Questions of medicine and science formed half way ‘round the world
March 22, 2016
Found in BC Cancer - Vancouver, BC Cancer - Victoria, BC Oral Cancer Prevention Program, Biobanking, Brachytherapy, BrainCare BC, Breast Cancer, Bust a Move, Cancer Control Research, Chemo SmartBook, Chemotherapy, Childhood cancer, Childhood Cancer Research Program, Clinical Trials, Colorectal cancer, Community, Concrete Hero, Deeley Research Centre, Discovery Luncheon, Drug Development, Endometrial Cancer, Esophageal Cancer, Experimental Therapeutics, Functional cancer imaging, Gastrointestinal Cancer, Genomics, Golf Classic In Memory of Sindi Ahluwalia Hawkins, Gynecologic Cancer, Head & Neck Cancer, Innovation, Inspiration Gala, Jingle Mingle, Leukemia
My path to a career in science and medicine was convoluted, but not without direction. I grew up in east Africa on an island in the Indian Ocean. Both my maternal grandparents died at very young ages of undiagnosed conditions. While the setting was idyllic, the reason for my grandparents’ deaths, or rather the lack of a reason bothered me.
This great gap in understanding—the causes of disease or even to be able to diagnose diseases was something that continued to gnaw at me even after moving to Canada. The desire to understand how things worked led me to a genetics lab while I was at Queen’s University.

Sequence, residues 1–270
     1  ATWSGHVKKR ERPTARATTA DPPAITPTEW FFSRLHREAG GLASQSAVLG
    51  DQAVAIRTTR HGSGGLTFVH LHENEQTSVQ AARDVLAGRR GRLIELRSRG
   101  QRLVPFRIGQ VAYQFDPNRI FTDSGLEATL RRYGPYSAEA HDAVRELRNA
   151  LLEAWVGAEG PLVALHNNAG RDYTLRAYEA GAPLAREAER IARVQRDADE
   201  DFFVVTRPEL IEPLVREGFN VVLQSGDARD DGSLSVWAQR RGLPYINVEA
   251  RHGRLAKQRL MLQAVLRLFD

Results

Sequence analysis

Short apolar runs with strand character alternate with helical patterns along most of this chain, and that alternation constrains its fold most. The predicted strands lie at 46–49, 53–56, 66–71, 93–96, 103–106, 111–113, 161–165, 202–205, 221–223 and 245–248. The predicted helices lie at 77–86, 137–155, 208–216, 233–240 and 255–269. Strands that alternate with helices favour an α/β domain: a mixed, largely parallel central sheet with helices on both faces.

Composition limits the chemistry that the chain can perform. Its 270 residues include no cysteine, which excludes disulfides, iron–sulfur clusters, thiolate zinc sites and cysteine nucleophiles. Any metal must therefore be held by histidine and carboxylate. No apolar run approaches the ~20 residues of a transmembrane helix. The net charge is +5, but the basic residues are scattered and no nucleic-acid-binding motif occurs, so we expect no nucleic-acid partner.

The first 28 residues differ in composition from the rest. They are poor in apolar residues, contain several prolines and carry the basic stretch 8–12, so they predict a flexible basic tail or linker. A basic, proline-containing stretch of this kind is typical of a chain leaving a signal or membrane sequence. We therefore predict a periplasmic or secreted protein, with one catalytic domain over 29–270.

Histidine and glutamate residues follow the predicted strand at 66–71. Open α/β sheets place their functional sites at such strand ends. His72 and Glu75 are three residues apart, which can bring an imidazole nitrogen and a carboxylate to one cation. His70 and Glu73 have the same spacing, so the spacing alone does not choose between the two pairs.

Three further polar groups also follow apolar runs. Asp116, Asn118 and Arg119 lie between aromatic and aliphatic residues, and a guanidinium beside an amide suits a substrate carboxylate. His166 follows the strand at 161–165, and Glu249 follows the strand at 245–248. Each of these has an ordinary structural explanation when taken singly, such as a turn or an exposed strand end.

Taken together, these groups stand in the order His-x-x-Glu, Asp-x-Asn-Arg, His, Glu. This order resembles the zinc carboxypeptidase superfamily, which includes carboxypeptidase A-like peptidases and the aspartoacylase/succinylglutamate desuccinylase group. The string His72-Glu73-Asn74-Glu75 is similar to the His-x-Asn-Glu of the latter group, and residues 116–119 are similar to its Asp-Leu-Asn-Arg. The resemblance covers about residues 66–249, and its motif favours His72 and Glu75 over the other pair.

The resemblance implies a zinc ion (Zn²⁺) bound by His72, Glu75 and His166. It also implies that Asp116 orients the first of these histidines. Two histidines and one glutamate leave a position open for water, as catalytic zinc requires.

In this lab I studied fruit fly DNA. It was early days in trying to understand how DNA worked, what genes were and what they did. There was even less understanding of how this contributed to disease. Fruit fly DNA is organized into large packages called chromosomes. While humans have 23 pairs of chromosomes, fruit flies only have 4 pairs, but the way genes work is very similar.
This ability to use simpler organisms to understand how DNA works was an important lesson to me, and is a concept that still holds today. I spent every summer after that working in a genetics laboratory.
After completing undergraduate studies and medical school at Queens, I moved to Vancouver. I continued to be enthralled by the promise of being able to understand disease by understanding how genes worked.
At the time, blood cancers were the only cancer type that laboratory genetic techniques were being used for diagnosis. This led me to train in a laboratory medicine specialty to understand how blood diseases worked. After completing my clinical laboratory training at UBC, I did further research training for several years at the University of Washington in Seattle, a hub of blood disease research.
At the BC Cancer Agency, I have been honoured to work with many talented scientists, physicians and other staff. The culture of scientific discovery to further our understanding of what makes cancers happen, and how we can try to detect them sooner and find treatments to stem their growth is world class. The dedication of so many individuals and the support of the BC Cancer Foundation has led to many ground-breaking discoveries about cancer. Next week I will blog about the work that the BC Cancer Foundation will be supporting in my lab to understand how some kinds of blood cancers become more aggressive.